One of the questions I get asked most frequently is “What is your favorite forecasting model?” My answer is “it depends” because not all problems need a hammer. Sometimes you need a wrench or a screwdriver which is why I advocate having a forecasting toolbox that we can draw on to tackle whatever forecasting project arises.

When it comes to forecasting methods, we have everything from pure qualitative methods to pure quantitative methods, and everything in between. On the far left of the image below you’ll see judgmental, opinion-based methods with knowledge as the inputs. On the far right, we have unsupervised machine learning – AI, Artificial Neural Networks etc. where the machine decides on the groupings and optimizes the parameters as they learn the test data. In between these two extremes we have naïve models, causal/relationship models, and time series models.

All of the models should be in our toolbox as forecasters.

But with dozens of methods available to you, how you decide which ones to use? There are cases when sophisticated machine learning will help you and there are cases when pure judgement will help but somewhere in between the extremes is where you’ll find the models you’ll need on a  day-to-day basis.

Picking The Right Model For A Particular Forecast

The main thing is to have a toolbox full of different methods that you can draw on depending on the data available and the resources you have. We must balance 3 key elements when choosing a model:

Time available: How much time do you have to generate a forecast? Some models take longer than others.

Interpretability of outputs: Do you need to explain how the model works to stakeholders? Outputs of some models are difficult to explain to non-forecasters.

Data: Some models require more data than others and we don’t always have sufficient data.

For example, putting together a sophisticated machine learning model and training it could take months to build, plus extra time for it to provide a useable output. When a forecast is needed now, this kind of model won’t help. Similarly you have little or no data as with new products, you may have to use judgmental methods.

Balancing interpretability and accuracy is also key. There are models whose accuracy can be finetuned to a great degree but as we become more accurate, interpretability (explaining the rationale behind the number) often becomes more difficult. Artificial Neural Networks, for example, can be very accurate, but if you need to explain to partners in the S&OP process or to company execs how the model works and why they should trust it, well you might have some difficulty.

Time series models like regression or exponential smoothing are much easier for stakeholders to understand. So what kind of accuracy do you need? Do you need 99% accuracy for a particular forecast, or is some margin of error acceptable? Remember that there are diminishing returns to finetuning a model for accuracy – more effort doesn’t necessarily provide more business value.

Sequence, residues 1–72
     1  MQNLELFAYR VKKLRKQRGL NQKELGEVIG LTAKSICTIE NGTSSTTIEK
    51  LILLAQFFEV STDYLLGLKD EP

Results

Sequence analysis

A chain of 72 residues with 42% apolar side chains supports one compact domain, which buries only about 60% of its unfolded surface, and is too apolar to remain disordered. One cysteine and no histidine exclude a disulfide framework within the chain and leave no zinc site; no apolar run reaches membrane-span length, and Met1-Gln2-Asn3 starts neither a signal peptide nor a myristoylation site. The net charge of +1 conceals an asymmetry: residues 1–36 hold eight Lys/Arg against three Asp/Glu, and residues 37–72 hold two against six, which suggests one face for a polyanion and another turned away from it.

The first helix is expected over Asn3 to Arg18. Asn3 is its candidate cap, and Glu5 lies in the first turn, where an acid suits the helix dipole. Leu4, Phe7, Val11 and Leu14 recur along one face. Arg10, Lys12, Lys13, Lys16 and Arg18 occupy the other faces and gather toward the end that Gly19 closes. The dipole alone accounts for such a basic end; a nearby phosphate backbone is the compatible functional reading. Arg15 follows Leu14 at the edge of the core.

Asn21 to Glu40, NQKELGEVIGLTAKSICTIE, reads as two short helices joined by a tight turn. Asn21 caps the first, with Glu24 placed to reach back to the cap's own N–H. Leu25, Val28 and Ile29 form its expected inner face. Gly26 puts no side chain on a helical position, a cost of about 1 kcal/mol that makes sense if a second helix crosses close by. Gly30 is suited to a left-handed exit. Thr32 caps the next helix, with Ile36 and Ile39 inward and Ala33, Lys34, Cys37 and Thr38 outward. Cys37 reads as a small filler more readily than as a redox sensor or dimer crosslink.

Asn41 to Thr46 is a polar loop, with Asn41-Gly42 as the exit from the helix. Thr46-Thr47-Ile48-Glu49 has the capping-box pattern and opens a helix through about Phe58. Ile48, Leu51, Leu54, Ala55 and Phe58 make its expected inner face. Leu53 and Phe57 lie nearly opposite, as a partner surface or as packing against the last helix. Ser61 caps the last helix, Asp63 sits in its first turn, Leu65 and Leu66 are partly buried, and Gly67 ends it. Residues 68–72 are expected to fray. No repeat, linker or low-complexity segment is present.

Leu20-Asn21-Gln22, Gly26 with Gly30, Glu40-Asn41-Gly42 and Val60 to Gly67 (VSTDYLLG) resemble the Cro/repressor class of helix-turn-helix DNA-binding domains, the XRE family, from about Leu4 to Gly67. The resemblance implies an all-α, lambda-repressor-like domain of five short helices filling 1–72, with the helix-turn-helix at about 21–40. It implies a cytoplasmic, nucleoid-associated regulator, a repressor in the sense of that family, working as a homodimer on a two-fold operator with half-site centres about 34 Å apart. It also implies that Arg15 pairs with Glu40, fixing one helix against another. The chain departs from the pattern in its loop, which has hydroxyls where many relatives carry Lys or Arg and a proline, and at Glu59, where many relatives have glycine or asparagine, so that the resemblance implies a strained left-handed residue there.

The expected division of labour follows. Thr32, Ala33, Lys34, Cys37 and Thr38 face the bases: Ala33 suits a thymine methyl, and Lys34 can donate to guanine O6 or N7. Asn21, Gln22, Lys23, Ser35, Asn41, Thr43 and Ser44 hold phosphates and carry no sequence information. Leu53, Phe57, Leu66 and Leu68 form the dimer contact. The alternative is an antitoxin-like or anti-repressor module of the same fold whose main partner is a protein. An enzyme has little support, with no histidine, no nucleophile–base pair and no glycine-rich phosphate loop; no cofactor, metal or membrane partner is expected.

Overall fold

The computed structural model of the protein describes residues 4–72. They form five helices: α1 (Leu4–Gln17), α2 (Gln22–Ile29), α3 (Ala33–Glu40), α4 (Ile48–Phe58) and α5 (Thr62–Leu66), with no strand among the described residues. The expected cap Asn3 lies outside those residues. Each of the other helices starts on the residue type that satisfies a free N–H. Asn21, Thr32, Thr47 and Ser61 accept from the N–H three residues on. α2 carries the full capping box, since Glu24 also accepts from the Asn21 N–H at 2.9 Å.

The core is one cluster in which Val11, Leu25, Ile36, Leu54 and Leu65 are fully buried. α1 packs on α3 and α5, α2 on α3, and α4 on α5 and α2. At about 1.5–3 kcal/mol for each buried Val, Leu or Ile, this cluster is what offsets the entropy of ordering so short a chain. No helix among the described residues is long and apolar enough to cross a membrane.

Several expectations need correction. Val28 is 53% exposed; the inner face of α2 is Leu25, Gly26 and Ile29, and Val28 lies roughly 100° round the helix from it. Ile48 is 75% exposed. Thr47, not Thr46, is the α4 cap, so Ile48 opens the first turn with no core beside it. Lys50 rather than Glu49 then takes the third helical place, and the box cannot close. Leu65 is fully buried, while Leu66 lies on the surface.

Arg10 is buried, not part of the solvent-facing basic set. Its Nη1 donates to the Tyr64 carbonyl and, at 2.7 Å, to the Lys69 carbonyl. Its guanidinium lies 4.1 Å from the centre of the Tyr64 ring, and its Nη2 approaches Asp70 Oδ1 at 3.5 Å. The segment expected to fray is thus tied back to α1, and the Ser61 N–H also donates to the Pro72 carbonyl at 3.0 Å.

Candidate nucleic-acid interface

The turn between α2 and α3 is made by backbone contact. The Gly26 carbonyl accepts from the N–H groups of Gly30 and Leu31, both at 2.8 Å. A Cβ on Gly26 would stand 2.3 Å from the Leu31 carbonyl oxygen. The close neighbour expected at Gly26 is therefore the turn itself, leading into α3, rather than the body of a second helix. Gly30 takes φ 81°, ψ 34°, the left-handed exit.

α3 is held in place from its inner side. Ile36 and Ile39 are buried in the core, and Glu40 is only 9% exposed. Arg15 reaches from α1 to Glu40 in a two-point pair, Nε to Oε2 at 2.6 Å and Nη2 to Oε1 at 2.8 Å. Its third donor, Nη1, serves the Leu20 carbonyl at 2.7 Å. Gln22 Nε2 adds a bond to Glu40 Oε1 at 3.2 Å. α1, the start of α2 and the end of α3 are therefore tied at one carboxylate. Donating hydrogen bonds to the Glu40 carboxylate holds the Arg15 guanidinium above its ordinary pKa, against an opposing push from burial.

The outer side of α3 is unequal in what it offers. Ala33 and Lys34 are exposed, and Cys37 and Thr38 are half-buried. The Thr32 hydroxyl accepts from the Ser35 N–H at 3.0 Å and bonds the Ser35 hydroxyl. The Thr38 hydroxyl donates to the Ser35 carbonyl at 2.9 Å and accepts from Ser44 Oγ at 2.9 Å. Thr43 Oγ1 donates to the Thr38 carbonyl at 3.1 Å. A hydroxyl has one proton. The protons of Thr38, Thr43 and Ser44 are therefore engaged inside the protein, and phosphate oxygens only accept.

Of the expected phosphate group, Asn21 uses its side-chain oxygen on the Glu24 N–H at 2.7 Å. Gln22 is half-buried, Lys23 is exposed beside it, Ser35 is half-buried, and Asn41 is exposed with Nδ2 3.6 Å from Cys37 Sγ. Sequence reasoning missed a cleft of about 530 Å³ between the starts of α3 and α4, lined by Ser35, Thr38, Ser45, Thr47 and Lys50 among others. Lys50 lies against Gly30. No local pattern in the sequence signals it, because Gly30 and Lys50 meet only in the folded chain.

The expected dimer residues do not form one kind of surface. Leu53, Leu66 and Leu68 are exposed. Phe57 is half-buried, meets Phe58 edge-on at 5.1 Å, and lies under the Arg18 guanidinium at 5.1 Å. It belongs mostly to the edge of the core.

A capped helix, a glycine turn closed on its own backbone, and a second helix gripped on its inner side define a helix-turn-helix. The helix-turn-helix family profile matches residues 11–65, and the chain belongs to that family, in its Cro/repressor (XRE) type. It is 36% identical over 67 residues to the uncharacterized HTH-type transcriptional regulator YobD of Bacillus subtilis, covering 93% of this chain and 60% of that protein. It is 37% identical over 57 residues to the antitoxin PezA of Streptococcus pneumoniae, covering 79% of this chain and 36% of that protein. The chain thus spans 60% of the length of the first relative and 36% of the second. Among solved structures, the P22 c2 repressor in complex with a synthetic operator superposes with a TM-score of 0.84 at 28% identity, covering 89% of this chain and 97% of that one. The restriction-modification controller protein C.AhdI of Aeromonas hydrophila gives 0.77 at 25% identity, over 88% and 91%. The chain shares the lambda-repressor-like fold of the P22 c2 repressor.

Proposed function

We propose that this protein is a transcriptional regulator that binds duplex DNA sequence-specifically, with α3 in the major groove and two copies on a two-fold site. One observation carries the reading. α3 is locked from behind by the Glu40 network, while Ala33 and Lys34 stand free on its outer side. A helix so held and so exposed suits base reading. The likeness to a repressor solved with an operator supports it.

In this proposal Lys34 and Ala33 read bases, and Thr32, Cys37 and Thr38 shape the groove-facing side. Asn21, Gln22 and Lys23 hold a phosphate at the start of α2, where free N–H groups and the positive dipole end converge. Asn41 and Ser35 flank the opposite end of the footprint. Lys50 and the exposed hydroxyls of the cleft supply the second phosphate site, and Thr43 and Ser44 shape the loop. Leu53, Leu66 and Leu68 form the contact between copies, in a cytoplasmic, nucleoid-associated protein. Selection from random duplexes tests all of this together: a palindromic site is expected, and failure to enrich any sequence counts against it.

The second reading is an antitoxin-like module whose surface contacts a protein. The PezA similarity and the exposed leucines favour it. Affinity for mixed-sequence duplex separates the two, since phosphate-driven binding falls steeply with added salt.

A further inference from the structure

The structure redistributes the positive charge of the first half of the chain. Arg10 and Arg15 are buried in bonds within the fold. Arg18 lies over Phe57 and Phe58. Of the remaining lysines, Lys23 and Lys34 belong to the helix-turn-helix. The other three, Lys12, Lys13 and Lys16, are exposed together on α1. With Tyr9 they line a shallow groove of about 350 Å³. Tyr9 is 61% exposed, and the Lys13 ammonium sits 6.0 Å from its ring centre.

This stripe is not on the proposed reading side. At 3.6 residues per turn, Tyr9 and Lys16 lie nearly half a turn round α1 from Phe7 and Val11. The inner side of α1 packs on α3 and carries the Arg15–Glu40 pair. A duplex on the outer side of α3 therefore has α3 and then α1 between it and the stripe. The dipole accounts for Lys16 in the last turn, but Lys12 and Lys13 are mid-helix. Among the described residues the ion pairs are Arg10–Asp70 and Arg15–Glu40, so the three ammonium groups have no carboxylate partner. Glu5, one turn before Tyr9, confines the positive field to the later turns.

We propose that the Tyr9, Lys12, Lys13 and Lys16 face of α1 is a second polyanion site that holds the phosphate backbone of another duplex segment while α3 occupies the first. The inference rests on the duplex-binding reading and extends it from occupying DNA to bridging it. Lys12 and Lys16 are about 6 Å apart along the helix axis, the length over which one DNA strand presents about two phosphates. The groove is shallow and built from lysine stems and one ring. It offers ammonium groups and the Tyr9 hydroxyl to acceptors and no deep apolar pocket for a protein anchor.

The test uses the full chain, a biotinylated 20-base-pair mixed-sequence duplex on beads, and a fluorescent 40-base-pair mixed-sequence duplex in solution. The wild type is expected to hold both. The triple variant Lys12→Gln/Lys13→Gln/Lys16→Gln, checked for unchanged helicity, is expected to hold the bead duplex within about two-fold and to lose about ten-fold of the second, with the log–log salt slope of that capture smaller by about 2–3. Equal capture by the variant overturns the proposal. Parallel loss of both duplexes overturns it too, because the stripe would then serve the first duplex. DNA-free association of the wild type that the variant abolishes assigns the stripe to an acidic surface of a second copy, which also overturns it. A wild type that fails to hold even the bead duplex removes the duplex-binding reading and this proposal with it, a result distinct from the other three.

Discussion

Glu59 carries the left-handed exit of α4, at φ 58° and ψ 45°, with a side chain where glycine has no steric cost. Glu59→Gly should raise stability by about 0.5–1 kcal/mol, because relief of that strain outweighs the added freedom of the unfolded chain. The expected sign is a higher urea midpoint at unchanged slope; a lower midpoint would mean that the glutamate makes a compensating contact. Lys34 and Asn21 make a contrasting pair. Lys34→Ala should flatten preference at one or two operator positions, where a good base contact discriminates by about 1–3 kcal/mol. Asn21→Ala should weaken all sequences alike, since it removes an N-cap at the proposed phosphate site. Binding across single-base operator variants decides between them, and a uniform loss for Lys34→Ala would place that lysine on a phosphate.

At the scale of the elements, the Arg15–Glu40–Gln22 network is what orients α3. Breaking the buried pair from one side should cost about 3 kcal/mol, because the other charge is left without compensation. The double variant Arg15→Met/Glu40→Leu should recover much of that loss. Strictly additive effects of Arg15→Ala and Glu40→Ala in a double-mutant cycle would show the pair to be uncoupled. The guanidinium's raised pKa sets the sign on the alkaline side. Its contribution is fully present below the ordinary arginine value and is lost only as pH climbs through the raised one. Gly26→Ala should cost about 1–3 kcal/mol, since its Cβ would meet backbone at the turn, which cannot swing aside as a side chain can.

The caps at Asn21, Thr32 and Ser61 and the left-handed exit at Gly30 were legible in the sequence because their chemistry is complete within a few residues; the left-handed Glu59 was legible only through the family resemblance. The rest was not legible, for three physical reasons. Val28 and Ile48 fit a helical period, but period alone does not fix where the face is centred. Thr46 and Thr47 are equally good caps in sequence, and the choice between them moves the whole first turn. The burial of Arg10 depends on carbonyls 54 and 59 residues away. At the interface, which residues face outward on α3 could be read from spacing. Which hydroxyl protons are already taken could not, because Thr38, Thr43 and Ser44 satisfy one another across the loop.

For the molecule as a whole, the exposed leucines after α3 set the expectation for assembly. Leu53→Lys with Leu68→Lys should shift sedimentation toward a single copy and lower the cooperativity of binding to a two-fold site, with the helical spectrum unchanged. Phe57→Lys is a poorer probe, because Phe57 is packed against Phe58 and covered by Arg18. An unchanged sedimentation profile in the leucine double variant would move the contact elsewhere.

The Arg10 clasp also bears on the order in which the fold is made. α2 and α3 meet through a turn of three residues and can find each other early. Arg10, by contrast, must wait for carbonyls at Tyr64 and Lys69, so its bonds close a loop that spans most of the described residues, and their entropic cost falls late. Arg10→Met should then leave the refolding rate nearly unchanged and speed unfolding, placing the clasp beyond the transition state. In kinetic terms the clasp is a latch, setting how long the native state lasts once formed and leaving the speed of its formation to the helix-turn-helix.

This is why the best model depends on the context you’re working in.


Judgmental Methods

These are not sophisticated but they have their place. When I have no historic data, i.e. for a new product or customer, I have nothing to forecast with. Remember, human judgement based on qualitative factors is a forecast and it’s better than no forecast at all.

Judgments are also important in overriding statistical forecasts when an external variable emerges that is isn’t accounted for. A model doesn’t know if you’ve just opened a new store or if supply constraints just unexpectedly emerged. Of course, human judgement has bias – be sure to identify it if you’re using judgmental models. In the Judgmental category we have:

Salesforce Method: This involves asking what salespeople think about future demand based on their knowledge of the market and customers.

Jury Method: This simply involves surveying stakeholder’s opinions and letting the consensus decide what future demand is likely to be.

Dephi Method: A more systematic version of the Jury Method where stakeholders blindly submit their estimates/forecasts. You then take a mean of the responses, which is a more robust/accurate method than you might think.

Time Series Models

58% of planning organizations use time series methods. It’s popular because we all have the data we need for this method – we can use sales data or shipment data. Also our colleagues in Finance, Inventory Management and Production can all use these forecasts. Here we identify patterns (whether level, trend, seasonality) and extrapolate going forward.